A towering creature, the Steppe Mammoth – Mammuthus trogontherii – roamed this ancient place with rhino, bison, beaver, hyena and also stone age settlers. But they shared a very different view to the one we see today. In fact our ancestors could have walked from Norfolk to Holland without getting their feet wet because the choppy North Sea was a land of rivers, grasses and savannah. Imagine that as you gaze at the horizon!

The mammoth’s near complete but fragile skeleton is preserved by Norfolk Museum Services. You can see part of it in Cromer Museum and find out more at West Runton Beach Café’s learning hub.

When winter gales scour the Norfolk coast and chunks of eroding cliff crumble down, a walker might scout a pre-historic fossil, perhaps a fragment of deer antler or mysterious mammal bone. But no one has been as fortunate as Mr and Mrs Hems. At least, not yet…

Norfolk’s Great Chalk Reef

Norfolk’s Great Chalk Reef

Not all reefs are made of coral! A stone’s throw from the Norfolk shore, just under water, is the largest chalk reef in Europe, possibly the world.

The Cromer Shoals Chalk Bed was formed 100 million years ago when dinosaurs roamed the earth. Shaped by meltwater at the end of the last Ice Age it’s 20 miles long, 6 miles wide and teeming with life. Stretching from Weybourne to Happisburgh, the reef is home to over 350 different species of plants and animals, some found nowhere else in the world. It’s significance as one of the England’s most ecologically important marine habitats was recognised in 2016 when the reef was designated a Marine Conservation Zone (MCZ).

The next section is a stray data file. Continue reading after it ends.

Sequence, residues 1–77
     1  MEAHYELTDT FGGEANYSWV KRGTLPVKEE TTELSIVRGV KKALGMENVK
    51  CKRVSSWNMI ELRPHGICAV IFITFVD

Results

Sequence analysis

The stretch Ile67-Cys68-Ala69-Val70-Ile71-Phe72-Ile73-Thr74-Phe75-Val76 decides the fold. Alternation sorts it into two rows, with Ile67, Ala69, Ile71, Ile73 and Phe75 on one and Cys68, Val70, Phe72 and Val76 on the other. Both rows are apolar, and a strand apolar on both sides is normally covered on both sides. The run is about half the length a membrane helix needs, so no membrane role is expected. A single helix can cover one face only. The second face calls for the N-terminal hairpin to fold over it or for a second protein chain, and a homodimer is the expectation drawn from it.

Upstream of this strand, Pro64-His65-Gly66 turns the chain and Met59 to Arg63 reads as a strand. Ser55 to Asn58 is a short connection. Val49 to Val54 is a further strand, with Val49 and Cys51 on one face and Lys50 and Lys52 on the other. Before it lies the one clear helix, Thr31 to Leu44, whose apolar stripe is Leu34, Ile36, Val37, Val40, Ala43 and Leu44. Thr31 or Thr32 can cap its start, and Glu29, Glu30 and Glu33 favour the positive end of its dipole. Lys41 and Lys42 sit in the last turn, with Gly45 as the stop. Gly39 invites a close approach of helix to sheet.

Norfolk’s remarkable reef is home to edible and velvet crabs, lobsters, starfish, jellyfish and some fabulously unusual creatures such as the Atlantic ancula sea slug, leopard spotted goby (a shy fish) and strawberry anemone (scarlet with tiny green spots).

On a winter beach walk when the tide’s out you’ll see chalky hollows studded with flint, where rock pools provide a safe haven for winkles, limpets and strange dark red jelly-like blobs. These are beadlet anemones, gorgeously jewel coloured, highly territorial sea-creatures whose soft bodies conceal short tentacles with a potent sting.

To experience the full expanse of the chalk reef you need calm seas, low tides and an elevated position. There’s a great vantage point on Skelding Hill, reached by walking north from Sheringham towards Weybourne on the cliff top coastal path.